From the field to the lab: there is a (smelly) story written in scats…
Anyone who has ever worked with carnivores knows that this can be a rather smelly business. Whether it involves carcasses or fresh faeces, their smell can never really be forgotten, nor can their value to study carnivore ecology!
Within the framework of our Greater Etosha Carnivore Program, we are interested in a myriad of questions, several of which can be answered with the help of scat samples. The obvious one is of course diet. Since the keratin contained in hairs is not digested, the traditional method to study diet composition has simply been to look at the prey hair remains in the faeces. For this, both dry (old) and fresh scats are appropriate. One "simply" has to sample a few (~25 hairs) from the scat, make some transversal cuts and cuticle imprints and look at them under the microscope to identify the species they belong to. Easier said than done of course! But new methods have emerged, and we can now take full advantage of the progress made in the genetics field to decipher what prey has been eaten. This method is called DNA metabarcoding, and it relies on the researcher having access to DNA sequences specific to each prey species present in the area where the scat was collected. Which ever DNA amplifies through PCR identifies the prey consumed. This method however, requires fresh scats, and here comes the smelly part of the business!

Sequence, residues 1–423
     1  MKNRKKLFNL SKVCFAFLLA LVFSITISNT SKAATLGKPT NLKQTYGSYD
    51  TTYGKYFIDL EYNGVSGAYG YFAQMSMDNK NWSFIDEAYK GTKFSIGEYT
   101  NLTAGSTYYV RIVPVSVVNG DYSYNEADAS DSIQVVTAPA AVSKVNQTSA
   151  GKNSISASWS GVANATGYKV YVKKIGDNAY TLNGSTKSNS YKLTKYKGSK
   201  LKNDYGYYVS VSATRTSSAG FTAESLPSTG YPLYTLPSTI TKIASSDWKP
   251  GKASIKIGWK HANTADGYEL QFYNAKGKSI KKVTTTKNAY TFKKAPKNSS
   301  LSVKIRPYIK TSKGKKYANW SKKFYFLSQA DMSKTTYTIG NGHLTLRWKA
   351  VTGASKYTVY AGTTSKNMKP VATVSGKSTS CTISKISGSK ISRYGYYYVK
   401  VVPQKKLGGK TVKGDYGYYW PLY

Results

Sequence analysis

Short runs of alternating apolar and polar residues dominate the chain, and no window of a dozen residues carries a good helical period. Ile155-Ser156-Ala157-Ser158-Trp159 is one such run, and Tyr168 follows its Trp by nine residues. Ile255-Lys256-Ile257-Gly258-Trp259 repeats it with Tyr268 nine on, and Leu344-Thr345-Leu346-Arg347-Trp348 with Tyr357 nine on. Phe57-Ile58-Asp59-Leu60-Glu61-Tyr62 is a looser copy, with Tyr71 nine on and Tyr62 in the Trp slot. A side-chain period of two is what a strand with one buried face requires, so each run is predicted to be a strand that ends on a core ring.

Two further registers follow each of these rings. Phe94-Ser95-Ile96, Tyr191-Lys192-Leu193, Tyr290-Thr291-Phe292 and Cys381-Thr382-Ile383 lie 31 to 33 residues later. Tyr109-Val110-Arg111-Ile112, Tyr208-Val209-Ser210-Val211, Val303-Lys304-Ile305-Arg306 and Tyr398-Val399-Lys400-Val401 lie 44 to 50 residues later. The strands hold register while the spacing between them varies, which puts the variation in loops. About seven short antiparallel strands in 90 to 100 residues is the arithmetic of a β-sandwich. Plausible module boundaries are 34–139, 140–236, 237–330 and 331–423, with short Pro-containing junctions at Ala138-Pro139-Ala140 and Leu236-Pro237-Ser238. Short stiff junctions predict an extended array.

Recording sample details and location & bagging it!
But it doesn't stop here! With fresh scats, using DNA again, one can also identify the individual who had deposited it or to study diseases and parasites occurring in the area, again via genetic but also through visual observation. Another realm of possibilities is the study of the gut microbiome, which is the collection of all microbes, such as bacteria, fungi, viruses, that naturally inside the digestive tracks.
Lion faeces with numerous nematodes (tiny white dots)
But before all of these analyses can be done and conclusions be drawn, we should all have a warm thought toward the field researcher who has spent a couple of hours processing these fresh scats into small tubes and containers in a closed-up lab room… And for the person using the lab afterwards ;-)
Processed samples ready for storage
So next time you are in the bush and see a fresh and smelly carnivore scat, you can look at it in wonder instead of disgust, remembering all the stories this pile of crap has to tell…